Together, the group sought out teacher sponsor Mr. Adam Bergeron, a CHS Biology teacher, and began the team with his support. Bergeron had past experience with Science Olympiad at the previous school he taught at and realized that another obstacle the team had to overcome was the adjustment into a more high school based Science Olympiad. “I think that was a very different experience for last year’s ninth graders, because they were accustomed to teachers having a much more hands-on approach with group. So I hope that, now that I know that, to bridge the gap…I believe that you can do it on your own, albeit with some support.”
The adjustment was yet another struggle the team had to overcome during its first year. Buitrago explains, “At the high school, we didn’t have Mrs. Sermos. We didn’t have WashU coaches or anything.” Yet, although the group faced many downfalls and disappointments shortly after the creation of the team, they were still able to recuperate for State finals.
During the Year:
The heavy student management in Wydown made the transition between middle and high school Science Olympiad immensely difficult. The entire process of signing up, creating the team, and finding teachers to fill out forms had to be coordinated by themselves, without any direction. “We didn’t have our first team meeting until January at the Starbucks,” Buitrago says, “It was rough, but we got there.” According to him, the team didn’t perform very well last year, but that wasn’t the original goal anyway. They wanted to get the team off the ground, and succeeded at that.
The team was mainly advertised through word-of-mouth. Friends convinced other friends to join, and the team grew from there, along with a few daily announcements.
Science Olympiad is primarily student-run, and a few students have taken leadership in planning every aspect of the team. “We have a group chat with three people [who are] the most interested, or most dedicated, or least busy,” Buitrago notes. They collaboratively made a giant spreadsheet that is responsible for every element of the upcoming season – including the roster, rankings, budget, and invitational schedules. They hope that this will prevent any confusion in the future, and the team will run more smoothly. “Once the rules come out, which is next week, we can hit the ground running, since we have all the information there.”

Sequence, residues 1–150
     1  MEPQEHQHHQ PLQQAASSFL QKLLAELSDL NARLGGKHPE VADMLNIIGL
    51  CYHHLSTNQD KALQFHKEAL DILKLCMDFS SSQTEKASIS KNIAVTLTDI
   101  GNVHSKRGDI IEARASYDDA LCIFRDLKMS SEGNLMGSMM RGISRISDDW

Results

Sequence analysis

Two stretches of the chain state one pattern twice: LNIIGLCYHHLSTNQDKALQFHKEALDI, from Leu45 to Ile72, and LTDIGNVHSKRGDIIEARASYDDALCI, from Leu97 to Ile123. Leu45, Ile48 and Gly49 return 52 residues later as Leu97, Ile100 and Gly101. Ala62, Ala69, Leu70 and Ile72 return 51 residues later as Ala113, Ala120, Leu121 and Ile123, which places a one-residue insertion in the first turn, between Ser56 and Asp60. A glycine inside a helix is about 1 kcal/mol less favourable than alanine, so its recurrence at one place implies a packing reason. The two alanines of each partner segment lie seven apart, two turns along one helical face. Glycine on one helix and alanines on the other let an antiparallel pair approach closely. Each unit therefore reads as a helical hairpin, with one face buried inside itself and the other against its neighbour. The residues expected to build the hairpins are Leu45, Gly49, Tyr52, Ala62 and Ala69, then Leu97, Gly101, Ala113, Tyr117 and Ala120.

Self-study is a huge part of Science Olympiad. Now that coaches and mentors are scarce, the team relies on each student learning the material on their own. Buitrago explains, “It was [the student’s] responsibility to get their work done, and luckily most of them followed through.” At Wydown, having a mentor gave a team a special edge, and they were expected to perform better at competitions. At the high school, the best teams don’t have coaches!
As for plans, the team’s new approach is to attend as many invitationals as possible. Practice makes perfect – the more experience the team has in competing, the more prepared they’ll be at the competition. “If you look at the team that won nationals last year, they went to ten invitationals.” At Wydown, there were about three invitationals that the team went to, and most members didn’t go to all of them. Contrarily, the national winning team attended thirteen competitions in total – ten invitationals, regionals, state, and nationals. This new approach will hopefully bring the team to higher rankings, and give each member more competition experience.
For his main goal this year, Bergeron wishes to incorporate work with fun in Science Olympiad. “I hope that it’s fun. You guys work so hard every day while you’re at school, and so hard when you go home at night, and sometimes into the wee hours of the morning. You deserve to see that science isn’t just work; that it can be fun…We are doing this to hopefully learn through mistakes, grow as a team, and hopefully foster some sort of team spirit.”